• Career Opportunities: This is a fantastic resource for those interested in a career in marine biology. Stanford’s Hopkins Marine Station provides a list of links for advice and information on a career in marine biology, followed by a list of sites that have postings for jobs, traineeships, internships, and other employment opportunities.

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Microbiologists

Microbiologists study microorganisms, which are organisms that you can only see using a microscope. These include viruses, parasites, bacteria, and other unicellular or cell-cluster organisms. Since most researchers and academics estimate that only about one percent of microorganisms have been studied, this discipline is advancing constantly and has a lot of potential for growth.

  • What is Microbiology?: Playfully titled “What the Heck is Microbiology?”, this University of Kansas article answers just that and more.
  • Career Information: This resource is a primer and checklist for careers in microbiology. It breaks down potential career paths to help you decide which one is right for you.
  • Career Opportunities: This is Georgetown’s list of microbiology job and internship resources. It includes both general sites for micobiology and immunology jobs, as well as specific student jobs and internship opportunities.

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Molecular Biologists

Molecular Biologists take things down to the cellular level, ultimately trying to understand life at its most fundamental level. They study cell systems and their varying interactions. This field has a lot of overlap with genetics and biochemistry.

  • What is Molecular Biology?: This is Stanford University’s comprehensive article covering molecular biology, from the basics to its origins to its current applications.
  • Career Information: This resource goes into detail about the career opportunities in molecular and cellular biology, like medicine, dentistry, physiology, immunology, and more.
  • Career Opportunities: Harvard’s Molecular and Cellular Biology Department presents this list of links to biology jobs for their students.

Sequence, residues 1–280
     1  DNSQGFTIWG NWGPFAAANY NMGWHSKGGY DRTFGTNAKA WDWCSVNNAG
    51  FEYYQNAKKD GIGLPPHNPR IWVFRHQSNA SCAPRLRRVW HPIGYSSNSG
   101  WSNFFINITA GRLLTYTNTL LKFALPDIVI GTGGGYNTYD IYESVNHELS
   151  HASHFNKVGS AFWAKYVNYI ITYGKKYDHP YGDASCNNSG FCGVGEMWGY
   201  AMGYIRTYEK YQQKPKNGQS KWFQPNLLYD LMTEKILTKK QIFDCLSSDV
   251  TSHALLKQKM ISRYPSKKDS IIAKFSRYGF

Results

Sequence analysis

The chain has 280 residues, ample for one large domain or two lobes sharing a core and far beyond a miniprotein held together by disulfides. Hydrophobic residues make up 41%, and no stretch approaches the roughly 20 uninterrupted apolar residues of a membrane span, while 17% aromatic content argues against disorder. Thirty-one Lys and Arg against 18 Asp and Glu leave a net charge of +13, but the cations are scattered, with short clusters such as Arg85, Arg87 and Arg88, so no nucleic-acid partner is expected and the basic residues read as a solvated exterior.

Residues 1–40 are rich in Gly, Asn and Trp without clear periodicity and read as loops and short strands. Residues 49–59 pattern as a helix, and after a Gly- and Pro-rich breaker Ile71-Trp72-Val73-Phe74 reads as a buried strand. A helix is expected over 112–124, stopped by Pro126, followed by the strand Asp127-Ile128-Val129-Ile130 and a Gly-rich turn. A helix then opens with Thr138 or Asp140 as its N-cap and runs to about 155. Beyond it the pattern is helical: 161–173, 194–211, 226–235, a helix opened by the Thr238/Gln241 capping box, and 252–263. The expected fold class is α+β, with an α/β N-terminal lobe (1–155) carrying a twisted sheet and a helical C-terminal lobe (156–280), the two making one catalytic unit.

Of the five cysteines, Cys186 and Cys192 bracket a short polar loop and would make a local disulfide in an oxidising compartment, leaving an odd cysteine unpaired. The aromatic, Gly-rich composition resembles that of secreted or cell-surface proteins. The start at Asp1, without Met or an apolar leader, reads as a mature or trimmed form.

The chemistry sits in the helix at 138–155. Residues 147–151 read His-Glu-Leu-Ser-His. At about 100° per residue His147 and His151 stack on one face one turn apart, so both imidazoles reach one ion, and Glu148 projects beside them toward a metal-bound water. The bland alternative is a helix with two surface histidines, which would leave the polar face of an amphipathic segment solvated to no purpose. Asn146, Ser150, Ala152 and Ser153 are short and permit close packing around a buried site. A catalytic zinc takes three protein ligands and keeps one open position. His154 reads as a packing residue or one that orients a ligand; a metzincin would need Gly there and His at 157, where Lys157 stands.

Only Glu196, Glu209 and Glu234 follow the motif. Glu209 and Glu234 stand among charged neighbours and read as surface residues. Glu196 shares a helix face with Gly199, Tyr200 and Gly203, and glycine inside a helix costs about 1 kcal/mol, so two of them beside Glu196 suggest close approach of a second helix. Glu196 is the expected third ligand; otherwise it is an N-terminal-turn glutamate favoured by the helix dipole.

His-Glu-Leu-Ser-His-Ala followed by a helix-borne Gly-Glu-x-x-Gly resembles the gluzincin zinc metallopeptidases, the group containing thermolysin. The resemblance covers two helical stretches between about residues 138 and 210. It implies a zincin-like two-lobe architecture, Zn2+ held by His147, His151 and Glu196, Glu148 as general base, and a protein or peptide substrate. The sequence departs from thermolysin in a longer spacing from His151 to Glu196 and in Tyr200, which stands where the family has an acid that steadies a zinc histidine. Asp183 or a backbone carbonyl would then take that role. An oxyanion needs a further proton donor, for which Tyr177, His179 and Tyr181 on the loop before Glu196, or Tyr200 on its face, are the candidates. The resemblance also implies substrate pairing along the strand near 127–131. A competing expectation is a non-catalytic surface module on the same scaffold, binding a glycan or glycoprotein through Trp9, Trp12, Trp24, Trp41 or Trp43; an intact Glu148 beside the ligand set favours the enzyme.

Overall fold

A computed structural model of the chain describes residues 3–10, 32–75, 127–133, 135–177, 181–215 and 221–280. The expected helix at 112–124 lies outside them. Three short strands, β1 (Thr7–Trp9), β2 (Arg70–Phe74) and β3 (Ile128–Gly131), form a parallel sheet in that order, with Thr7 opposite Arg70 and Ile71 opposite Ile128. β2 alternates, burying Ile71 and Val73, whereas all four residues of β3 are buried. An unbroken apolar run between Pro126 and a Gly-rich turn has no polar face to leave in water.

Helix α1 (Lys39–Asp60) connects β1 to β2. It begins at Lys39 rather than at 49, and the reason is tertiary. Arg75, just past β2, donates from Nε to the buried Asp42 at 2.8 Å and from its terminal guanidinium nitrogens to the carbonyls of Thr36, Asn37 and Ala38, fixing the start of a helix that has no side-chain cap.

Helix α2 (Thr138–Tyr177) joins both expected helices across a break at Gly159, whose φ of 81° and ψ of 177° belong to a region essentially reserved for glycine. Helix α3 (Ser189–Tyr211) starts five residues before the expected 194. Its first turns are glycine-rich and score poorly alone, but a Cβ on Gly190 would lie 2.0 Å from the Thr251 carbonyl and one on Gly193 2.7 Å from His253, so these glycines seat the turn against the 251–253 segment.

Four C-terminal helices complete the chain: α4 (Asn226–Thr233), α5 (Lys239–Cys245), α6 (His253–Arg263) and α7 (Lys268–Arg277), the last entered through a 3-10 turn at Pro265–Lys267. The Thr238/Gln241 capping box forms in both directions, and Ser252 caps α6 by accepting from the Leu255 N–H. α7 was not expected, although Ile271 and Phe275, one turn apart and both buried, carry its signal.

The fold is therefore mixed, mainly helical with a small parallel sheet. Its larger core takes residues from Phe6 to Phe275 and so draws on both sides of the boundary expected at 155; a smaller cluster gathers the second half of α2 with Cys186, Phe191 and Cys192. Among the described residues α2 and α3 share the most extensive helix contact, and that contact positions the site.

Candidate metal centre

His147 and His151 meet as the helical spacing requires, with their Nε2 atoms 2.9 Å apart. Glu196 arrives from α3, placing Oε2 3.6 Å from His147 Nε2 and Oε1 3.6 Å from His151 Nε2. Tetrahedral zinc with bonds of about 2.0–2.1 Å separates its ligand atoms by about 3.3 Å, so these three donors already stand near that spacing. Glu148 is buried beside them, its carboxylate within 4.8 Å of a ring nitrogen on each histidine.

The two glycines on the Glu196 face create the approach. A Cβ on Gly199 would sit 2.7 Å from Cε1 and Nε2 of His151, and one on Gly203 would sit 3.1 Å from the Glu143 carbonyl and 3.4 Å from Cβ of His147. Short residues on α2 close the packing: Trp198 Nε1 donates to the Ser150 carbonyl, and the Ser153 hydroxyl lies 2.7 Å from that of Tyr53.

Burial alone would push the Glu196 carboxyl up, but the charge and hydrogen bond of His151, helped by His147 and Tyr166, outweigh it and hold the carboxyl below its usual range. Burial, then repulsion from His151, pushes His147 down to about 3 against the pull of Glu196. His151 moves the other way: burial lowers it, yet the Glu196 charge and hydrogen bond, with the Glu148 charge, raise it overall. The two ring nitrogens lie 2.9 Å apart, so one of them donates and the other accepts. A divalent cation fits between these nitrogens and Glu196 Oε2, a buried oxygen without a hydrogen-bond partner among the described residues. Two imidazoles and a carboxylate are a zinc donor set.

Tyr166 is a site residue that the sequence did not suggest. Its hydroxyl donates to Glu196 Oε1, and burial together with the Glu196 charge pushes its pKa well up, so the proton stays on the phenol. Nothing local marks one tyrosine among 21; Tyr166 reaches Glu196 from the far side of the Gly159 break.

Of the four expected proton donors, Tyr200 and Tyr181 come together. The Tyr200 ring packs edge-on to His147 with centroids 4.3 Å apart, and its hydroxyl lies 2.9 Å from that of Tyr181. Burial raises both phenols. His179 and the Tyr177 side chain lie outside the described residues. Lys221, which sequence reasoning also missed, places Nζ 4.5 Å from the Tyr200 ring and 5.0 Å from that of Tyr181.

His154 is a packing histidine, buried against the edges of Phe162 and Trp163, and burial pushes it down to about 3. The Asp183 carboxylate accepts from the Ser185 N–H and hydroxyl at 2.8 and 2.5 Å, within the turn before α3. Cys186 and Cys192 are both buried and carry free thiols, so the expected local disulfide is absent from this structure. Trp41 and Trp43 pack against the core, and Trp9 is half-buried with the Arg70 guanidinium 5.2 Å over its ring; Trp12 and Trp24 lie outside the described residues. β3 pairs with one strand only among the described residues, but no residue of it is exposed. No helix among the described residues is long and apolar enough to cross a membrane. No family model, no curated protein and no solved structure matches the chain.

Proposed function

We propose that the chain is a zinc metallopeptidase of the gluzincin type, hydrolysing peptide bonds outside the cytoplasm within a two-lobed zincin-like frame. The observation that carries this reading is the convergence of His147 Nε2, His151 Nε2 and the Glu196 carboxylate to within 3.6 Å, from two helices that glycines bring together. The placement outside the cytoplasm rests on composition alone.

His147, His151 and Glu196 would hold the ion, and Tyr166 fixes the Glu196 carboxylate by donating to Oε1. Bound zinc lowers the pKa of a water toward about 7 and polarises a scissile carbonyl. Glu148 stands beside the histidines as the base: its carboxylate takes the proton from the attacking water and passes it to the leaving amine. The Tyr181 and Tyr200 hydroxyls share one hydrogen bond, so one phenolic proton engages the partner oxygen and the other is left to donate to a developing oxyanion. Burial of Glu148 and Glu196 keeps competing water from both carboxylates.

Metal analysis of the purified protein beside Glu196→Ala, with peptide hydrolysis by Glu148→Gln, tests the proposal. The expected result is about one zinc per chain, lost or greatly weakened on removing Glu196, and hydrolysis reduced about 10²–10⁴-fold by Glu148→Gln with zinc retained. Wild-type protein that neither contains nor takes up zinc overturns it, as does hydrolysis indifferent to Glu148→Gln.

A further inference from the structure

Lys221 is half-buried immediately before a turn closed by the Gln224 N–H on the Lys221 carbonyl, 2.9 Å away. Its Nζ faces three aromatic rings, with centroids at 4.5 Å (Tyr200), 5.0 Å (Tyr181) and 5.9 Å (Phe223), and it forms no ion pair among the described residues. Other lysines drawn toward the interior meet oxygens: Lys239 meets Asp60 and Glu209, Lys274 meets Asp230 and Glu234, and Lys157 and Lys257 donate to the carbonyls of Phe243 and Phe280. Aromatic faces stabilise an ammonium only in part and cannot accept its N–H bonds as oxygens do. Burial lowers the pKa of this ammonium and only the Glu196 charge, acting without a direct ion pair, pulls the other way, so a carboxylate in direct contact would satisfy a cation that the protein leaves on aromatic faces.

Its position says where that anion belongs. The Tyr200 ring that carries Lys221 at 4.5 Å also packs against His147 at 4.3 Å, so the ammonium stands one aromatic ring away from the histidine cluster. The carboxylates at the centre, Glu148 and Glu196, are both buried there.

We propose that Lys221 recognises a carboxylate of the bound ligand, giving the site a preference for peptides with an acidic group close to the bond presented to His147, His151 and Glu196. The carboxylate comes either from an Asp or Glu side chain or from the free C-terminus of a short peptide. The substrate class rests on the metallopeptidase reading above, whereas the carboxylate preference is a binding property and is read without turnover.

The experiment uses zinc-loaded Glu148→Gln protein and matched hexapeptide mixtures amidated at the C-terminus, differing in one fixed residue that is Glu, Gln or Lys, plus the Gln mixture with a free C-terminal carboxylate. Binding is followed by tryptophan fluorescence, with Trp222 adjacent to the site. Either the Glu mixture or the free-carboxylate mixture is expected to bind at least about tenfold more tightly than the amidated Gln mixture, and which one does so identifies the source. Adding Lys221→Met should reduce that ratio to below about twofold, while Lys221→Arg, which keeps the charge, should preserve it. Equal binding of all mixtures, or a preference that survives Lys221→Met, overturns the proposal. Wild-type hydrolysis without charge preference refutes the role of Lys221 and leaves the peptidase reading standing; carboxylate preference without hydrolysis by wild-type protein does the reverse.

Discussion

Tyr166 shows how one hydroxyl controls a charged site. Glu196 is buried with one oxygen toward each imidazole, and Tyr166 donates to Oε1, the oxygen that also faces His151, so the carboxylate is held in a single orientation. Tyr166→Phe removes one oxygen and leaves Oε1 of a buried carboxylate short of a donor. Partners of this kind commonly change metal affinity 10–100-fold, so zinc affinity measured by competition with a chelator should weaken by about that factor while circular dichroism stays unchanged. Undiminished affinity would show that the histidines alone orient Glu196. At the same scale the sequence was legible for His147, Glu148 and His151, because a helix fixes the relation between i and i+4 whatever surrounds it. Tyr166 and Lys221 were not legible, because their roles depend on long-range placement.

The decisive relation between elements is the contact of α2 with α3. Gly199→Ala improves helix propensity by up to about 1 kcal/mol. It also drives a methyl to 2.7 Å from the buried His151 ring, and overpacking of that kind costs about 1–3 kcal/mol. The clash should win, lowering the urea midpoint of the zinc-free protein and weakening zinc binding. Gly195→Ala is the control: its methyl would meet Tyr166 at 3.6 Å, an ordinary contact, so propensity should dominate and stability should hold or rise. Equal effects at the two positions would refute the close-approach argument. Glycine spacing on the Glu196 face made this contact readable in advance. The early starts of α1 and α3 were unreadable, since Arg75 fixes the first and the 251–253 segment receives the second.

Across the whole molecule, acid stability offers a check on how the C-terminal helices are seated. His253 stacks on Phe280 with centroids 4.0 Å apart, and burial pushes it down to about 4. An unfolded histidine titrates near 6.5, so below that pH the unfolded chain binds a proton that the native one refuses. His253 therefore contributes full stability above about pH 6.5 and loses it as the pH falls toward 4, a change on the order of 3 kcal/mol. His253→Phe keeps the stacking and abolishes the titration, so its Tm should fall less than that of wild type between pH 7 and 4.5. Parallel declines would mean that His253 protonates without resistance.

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Neurobiologists/Neuroscientists

Nuerobiology or neuroscience is the study of the nervous system, which includes the brain, spinal cord, retina, sensory neurons, ganglia, and nerves. Neuroscientists make an average annual salary of $60-$90,000, depending on where in the country they practice.

  • What is Neurobiology/Neuroscience?: This article provides all the basic facts about neuroscience and its multidiciplinary nature.
  • Career Information: This Johns Hopkins University resource sets out to answer the question “What can I do with a major in neuroscience?” It has an overview, career options, career preparation, and more.
  • Career Opportunities: This is NueroJobs, an online neuroscience career center brought to you by the Society for Neuroscience (SFN). You can view jobs, post resumes, and more. SFN is also a great resource for information about neuroscience and what’s going on in the industry.

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Physiologists

Phsyiology is the study of the functioning of living organisism, in other words, how organisms work. It is a very holistic discipline—physiologists often study individual organisms or elements, but they always strive to fit the pieces into the big picture.

  • What is Physiology?: Learn what physiology is, what you’ll learn in pursuing a physiology degree, and what kind of research opportunities you’ll have from the Dartmouth Medical School’s Department of Physiology.
  • Career Information: This article gives a general description of physiology, then goes into career options, typical employers, and salary and employment outlook.
  • Career Opportunities: This site offers a list of health-, wellness-, and fitness-related organizations offering jobs for physiology majors and professionals. It also has a list of general employment and jobhunting sites at both a national and local level.

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Zoologists

Zoology is all about animals—studying their structure, function, behavior, evolution, and interaction with their environments. Zoologists can take a basic or an applied science approach, either simply studying animals for its own sake or studying them in order to find information to directly benefits human, like medicines or animal therapy.

  • What is Zoology?: This North Dakota State University article is a great, simple introduction to zoology. It covers the basics of the discipline and the different approaches you can take with it.
  • Career Information: This is a great and comprehensive PDF from Oklahoma State University. It’s called “What can I do with a degree in Zoology” and answers just that in detail. It talks about the skills you will develop, potential career paths, types of employers, related careers, and more. It also provides a list of job and internship websites.
  • Career Opportunities: This Michigan State University resource is all about finding a job in zoology. It lists tools for identifying employers of interest, websites that regularly post zoology jobs, and more.

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Other Biologists

There are a lot of biology fields out there, so make sure you do your homework and find the one that’s right for you. These links provide a list of biology specializations, general career information for biologists, and a link to a biology job board to help you on your career path.

  • List of Biology Fields: This is a list of 50 sample biology careers with links to more information.
  • Career Information: This is a University of Texas resource that covers career options for biology majors. It goes over skills, career paths, types of employers, career-related websites, and more.
  • Career Opportunities: This is BiologyJobs.com, a comprehensive job database for biology majors and professionals.